Every morning I check the news to see if the world’s ending.
The funny thing is – that isn’t the first thing I do. It’s about the fifth.
The order usually goes: Facebook. Email. Twitter. WordPress. Then ABC news for word on any impending apocalypse.
Probably if the world was ending it would have been picked up by one of my social networks anyway.
I’d be pre-warned by a bunch of Hitchhiker’s Guide to the Galaxy-themed memes (because who does the end of the world better than Douglas Adams?) or an address by some head of state or other with a bazillion angry face and sad face reactions, or a YouTube video of Stephen Hawking explaining how it’s all going down. The Dalai Lama would surely have something to say.
But before I get to that, I want the rest.
I want to know what my friends, loved ones, distant family members, passing acquaintances, and completely random internet people have been eating, drinking, watching on telly.
I want to see their children grow.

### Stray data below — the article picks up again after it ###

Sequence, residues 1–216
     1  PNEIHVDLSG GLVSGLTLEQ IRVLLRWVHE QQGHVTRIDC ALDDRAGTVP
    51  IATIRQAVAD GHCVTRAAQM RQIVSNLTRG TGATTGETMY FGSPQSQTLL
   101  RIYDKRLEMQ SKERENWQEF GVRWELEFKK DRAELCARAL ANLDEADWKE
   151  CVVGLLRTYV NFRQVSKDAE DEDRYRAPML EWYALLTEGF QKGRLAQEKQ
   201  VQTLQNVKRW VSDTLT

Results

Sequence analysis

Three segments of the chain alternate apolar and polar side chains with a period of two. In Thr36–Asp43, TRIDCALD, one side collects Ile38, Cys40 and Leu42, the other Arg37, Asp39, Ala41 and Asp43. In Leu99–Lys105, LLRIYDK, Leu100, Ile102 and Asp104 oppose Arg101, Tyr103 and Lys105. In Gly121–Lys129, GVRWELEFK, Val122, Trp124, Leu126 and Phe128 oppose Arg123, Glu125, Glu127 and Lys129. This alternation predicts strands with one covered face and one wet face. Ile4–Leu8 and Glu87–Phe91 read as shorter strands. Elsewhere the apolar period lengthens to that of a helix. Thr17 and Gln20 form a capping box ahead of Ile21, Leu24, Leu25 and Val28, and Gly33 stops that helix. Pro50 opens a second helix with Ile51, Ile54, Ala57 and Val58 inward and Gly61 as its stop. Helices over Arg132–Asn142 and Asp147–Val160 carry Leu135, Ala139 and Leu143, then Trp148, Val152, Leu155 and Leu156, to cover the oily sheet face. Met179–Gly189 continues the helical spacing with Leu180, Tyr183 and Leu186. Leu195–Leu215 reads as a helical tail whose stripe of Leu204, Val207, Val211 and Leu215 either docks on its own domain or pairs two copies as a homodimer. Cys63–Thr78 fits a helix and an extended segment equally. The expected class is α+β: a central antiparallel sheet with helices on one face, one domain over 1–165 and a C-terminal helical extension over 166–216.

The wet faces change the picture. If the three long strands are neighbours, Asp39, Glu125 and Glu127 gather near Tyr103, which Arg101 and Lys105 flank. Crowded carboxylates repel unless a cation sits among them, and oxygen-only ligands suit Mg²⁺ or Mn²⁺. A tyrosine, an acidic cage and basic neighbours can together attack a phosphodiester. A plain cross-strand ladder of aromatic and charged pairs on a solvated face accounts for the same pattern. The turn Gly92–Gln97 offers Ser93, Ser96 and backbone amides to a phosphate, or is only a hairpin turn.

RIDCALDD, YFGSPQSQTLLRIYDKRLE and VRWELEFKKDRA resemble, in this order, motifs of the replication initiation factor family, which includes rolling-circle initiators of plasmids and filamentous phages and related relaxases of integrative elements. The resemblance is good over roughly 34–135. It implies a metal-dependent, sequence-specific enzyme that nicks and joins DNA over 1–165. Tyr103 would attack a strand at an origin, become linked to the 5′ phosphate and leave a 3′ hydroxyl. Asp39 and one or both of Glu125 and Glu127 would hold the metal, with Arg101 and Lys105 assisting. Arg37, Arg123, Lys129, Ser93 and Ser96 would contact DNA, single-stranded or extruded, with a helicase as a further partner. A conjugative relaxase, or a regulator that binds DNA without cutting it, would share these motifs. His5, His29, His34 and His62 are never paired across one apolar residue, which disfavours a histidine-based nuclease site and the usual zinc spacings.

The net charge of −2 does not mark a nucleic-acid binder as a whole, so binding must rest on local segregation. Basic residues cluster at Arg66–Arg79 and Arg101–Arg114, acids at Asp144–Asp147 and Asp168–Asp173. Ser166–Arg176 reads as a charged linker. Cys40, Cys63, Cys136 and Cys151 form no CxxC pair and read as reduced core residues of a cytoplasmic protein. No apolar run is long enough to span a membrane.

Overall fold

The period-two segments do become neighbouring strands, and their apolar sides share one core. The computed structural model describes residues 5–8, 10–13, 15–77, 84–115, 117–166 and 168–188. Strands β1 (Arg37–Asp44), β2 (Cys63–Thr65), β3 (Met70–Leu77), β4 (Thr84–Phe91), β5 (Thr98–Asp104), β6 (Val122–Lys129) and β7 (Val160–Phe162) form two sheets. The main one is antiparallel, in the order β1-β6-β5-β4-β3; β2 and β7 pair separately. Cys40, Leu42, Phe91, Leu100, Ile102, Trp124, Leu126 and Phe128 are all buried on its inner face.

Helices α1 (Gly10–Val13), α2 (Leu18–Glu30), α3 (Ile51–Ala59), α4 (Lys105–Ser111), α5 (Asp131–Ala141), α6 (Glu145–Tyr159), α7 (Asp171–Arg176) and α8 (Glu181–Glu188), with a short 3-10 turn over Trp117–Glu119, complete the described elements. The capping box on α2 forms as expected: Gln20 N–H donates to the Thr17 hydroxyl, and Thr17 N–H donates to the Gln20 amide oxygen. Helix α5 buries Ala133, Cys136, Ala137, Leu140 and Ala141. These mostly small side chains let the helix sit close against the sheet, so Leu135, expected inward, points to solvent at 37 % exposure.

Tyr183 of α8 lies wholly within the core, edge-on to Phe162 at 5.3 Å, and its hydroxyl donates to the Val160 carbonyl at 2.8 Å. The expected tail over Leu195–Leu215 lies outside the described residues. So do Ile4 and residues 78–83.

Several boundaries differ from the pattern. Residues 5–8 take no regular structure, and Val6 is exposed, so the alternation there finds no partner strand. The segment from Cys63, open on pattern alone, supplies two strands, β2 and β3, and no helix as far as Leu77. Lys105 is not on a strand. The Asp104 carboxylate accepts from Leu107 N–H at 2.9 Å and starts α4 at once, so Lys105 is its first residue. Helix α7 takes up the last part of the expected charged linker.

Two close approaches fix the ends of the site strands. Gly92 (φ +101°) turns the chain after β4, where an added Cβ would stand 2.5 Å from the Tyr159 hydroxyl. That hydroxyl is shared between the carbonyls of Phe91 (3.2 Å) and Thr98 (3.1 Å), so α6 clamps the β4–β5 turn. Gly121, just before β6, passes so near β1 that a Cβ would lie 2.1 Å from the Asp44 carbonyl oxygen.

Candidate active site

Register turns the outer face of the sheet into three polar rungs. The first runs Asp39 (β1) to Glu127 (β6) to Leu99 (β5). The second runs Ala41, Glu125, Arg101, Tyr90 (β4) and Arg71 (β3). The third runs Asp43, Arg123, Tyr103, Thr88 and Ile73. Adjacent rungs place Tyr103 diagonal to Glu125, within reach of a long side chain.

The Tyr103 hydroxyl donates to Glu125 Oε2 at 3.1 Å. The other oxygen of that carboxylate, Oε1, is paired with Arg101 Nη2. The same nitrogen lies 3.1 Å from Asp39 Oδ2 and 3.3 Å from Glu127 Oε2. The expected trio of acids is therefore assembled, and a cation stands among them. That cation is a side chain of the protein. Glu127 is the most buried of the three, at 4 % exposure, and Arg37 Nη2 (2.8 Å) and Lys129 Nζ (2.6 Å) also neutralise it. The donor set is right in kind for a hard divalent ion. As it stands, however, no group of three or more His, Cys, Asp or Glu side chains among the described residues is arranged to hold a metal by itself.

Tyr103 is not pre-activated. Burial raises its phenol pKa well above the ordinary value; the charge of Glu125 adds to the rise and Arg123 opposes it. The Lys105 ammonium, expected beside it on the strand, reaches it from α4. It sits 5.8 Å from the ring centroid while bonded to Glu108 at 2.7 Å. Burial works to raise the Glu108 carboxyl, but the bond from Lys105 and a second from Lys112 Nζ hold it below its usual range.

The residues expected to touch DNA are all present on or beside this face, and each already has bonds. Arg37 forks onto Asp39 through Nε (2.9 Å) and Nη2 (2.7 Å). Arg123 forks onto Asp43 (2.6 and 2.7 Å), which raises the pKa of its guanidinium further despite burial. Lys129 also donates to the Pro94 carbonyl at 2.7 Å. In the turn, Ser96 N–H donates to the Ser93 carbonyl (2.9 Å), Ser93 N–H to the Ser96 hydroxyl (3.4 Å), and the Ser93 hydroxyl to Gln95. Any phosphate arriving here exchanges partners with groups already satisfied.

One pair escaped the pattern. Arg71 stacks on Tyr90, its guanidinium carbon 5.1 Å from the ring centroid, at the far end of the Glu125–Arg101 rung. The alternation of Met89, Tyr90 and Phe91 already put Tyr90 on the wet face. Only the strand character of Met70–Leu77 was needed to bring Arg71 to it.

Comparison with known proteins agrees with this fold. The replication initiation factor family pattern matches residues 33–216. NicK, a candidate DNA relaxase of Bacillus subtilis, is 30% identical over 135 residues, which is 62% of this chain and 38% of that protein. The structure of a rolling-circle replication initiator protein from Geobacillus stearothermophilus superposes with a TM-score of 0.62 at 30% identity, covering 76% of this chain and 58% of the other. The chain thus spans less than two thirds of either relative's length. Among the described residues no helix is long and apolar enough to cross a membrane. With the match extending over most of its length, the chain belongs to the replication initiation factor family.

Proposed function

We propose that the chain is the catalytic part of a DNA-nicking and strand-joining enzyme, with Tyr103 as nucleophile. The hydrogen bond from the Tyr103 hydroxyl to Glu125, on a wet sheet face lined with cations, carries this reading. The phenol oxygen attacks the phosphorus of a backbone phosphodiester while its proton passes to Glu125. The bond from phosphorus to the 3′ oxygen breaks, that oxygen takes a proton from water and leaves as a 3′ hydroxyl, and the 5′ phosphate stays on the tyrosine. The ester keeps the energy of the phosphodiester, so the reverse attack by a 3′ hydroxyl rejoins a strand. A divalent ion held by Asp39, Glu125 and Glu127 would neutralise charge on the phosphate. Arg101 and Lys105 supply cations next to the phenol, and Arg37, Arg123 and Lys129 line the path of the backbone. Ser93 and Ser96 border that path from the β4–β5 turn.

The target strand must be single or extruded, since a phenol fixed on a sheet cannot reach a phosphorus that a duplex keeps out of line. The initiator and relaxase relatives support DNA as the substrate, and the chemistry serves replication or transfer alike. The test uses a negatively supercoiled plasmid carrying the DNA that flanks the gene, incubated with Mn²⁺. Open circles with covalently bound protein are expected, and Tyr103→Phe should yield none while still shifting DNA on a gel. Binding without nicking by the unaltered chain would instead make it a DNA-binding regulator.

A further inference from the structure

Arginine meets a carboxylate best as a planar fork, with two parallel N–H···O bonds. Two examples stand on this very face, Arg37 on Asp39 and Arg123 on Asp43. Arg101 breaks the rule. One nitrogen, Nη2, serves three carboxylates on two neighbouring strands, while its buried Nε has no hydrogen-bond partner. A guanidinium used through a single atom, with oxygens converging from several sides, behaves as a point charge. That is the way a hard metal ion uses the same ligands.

I want to know what books they’re reading and what they think of them and how little sleep they’ve been getting.
I want to know if they have recently tried to assemble furniture from IKEA while drunk or bake a sponge cake or if they have taken a holiday.
I want to hear them complain about the weather.
I want random tweeps to make me giggle or hmm.
I want to read something unexpectedly profound, something that makes me feel that zap of recognition that can strike out of the blue via words on a screen.
I do worry though, you know, about the way things are going.
So it may be fourth or fifth on my list but I always check the actual news too, just to be sure.